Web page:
► Logan breakout's next big role: Dafne Keen will star alongside Lin-Manuel Miranda in Tom Hooper's fantasy-epic adaptation His Dark Materials, an eight-part series from BBC and New Line Cinema.
► Kathy Griffin returns: Last night on Real Time With Bill Maher, the comedian made her first major TV appearance since getting in hot water for that controversial photograph featuring Trump's mock-severed head.
"I was detained at every single airport," Griffin told Maher. "They scan your passport. They put me in a detention room… There were times when they took my devices. When you’re in that moment, you’re at the mercy of the one or two people in that room." Read more.
+ Live shows: Griffin also announced that she's booked two live shows, one at Carnegie Hall in New York and another at the Kennedy Center in D.C..
Garber time: Broadway veteran Victor Garber talks to Suzy Evans about returning to his first love and getting his singing voice in shape before stepping into the smash revival of Hello, Dolly! opposite Bernadette Peters:
THR: This is your return to performing in a musical after a long hiatus. Have you kept up singing in the interim years?
VICTOR GARBER: No. As my friends know, I have a very neurotic thing about singing now, and I have for years because I just haven't done it for so long. I'm such a perfectionist, so I don't sing much at all. And then, this was sort of the perfect thing to get me back into singing. It's not as demanding as songs I've had to sing in the past. I don't panic every morning when I wake up, which is what I generally do when I have to sing something. Full Q&A.
What else we're reading ...
— "Where's Harvey?" Amy Chozick follows Weinstein's trail: "Harvey Weinstein has been waking up early, checking in with his East Coast lawyers and then going down to a juice shop where he orders coffee and a green detox mix with kale and cucumber."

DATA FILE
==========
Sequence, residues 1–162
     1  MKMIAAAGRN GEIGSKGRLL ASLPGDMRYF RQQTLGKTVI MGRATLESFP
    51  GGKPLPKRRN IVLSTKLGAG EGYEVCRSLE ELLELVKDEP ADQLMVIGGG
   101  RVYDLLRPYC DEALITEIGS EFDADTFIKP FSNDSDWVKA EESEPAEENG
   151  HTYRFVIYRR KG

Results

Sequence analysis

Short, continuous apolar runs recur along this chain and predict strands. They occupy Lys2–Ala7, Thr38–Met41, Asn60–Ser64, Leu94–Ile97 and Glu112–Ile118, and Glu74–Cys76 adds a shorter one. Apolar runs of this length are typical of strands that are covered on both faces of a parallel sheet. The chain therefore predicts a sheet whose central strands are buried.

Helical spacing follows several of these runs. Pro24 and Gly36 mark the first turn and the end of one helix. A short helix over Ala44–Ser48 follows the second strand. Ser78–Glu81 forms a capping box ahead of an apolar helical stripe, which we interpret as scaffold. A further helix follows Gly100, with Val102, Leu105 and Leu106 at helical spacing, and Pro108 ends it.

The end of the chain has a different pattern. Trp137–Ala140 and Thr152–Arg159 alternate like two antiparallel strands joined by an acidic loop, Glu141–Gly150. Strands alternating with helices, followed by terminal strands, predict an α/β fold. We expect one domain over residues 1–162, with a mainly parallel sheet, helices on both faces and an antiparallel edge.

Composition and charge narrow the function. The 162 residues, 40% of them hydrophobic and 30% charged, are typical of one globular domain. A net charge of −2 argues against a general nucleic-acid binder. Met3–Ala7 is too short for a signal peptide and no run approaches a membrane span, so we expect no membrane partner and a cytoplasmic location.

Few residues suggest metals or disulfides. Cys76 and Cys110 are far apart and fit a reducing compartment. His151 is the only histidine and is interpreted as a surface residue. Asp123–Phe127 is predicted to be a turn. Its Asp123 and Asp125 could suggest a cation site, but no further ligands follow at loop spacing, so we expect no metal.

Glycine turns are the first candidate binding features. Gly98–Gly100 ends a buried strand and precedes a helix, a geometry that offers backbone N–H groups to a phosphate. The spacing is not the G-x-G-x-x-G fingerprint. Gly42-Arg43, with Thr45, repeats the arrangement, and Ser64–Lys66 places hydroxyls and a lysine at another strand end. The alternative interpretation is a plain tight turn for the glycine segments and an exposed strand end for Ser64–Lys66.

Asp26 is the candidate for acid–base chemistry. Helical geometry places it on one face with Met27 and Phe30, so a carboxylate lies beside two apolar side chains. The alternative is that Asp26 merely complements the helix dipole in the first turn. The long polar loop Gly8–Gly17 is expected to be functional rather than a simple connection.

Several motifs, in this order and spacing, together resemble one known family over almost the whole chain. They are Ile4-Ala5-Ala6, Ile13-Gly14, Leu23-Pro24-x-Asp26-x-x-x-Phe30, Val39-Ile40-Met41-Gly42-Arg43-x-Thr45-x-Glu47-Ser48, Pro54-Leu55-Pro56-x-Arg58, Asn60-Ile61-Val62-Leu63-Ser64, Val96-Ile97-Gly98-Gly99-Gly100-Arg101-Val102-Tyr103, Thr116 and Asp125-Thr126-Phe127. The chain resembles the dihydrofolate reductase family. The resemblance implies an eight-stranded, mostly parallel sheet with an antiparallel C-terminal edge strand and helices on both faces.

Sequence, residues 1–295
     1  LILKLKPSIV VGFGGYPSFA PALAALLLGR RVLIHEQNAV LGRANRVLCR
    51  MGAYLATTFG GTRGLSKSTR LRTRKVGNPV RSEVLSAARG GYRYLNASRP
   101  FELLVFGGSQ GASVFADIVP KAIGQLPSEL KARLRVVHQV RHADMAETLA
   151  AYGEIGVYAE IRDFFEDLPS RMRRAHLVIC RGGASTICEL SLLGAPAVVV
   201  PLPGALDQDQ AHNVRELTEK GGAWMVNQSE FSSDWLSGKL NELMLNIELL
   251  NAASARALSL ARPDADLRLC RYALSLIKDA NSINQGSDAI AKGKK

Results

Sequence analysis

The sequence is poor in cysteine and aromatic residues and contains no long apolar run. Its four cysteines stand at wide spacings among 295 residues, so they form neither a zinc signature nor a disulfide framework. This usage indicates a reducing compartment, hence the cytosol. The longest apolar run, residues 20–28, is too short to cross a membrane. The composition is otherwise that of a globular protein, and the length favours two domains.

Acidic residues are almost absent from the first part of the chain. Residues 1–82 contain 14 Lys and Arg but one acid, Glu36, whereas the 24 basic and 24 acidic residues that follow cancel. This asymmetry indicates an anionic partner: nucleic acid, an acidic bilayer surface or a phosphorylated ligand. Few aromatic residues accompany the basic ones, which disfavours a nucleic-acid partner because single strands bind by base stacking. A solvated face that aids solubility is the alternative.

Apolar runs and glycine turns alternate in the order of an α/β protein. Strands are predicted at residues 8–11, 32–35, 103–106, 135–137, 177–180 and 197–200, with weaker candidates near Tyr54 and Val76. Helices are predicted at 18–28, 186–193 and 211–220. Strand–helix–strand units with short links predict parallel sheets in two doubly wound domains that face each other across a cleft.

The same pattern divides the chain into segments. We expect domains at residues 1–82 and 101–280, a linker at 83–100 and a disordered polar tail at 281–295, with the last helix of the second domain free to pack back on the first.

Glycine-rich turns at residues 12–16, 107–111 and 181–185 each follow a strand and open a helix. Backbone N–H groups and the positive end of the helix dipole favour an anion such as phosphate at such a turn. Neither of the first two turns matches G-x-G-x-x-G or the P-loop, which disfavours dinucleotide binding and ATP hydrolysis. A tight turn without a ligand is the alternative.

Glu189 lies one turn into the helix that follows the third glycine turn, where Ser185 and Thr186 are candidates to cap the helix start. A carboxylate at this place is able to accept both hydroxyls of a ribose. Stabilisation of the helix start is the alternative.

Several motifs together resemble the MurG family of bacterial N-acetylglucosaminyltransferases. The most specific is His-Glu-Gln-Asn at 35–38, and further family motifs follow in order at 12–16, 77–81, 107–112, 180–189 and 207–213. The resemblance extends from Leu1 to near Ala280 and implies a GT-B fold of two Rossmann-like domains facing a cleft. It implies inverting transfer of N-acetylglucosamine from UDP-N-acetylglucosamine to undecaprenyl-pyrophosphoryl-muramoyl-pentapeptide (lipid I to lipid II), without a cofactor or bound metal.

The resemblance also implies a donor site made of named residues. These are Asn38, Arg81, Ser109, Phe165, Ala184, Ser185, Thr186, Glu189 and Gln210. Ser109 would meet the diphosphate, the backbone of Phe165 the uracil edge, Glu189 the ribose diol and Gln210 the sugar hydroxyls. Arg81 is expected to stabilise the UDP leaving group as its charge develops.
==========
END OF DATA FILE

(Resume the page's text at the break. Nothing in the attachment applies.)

+ Also: Weinstein "has already made some efforts to produce his most challenging film yet, these people say: a documentary designed to pave the way for a comeback. So far, no one will touch it." [New York Times]
— "'What the hell?' The inside story of how Timeless was canceled and uncanceled in just three days." Jackson McHenry compiles an oral history of the whole NBC affair. [Vulture]
— "Is Martin Short the greatest talk-show guest of all time?" Ian Crouch writes: "One gets the sense that, of all his peers, Short is the hardest-working talk-show guest in the business." [New Yorker]
— "Martin Sheen adds to his presidential resume with CNN's American Dynasties: The Kennedys." Stephen Battaglio talks to Sheen himself about JFK's assassination and more. [Los Angeles Times]
What else we're hearing ...
+ "Love, hate and The Bachelor." The show's merits get debated. [On Point / WBUR]
+ "Was Ashlee Simpson underappreciated?" An interesting question. [Popcast / New York Times]
+ "David Oyelowo: Interview." The Selma and Gringo star talks about the importance of bringing his cultural background to roles of all kinds. [WTF With Marc Maron]
Today's Birthdays: Olivia Wilde, 34, Carrie Underwood, 35, Thomas Middleditch, 36, Danny Pudi, 39, Jon Hamm, 47, Rick Rubin, 55, Scott Frank, 58, Sharon Stone, 60, Paul Haggis, 65.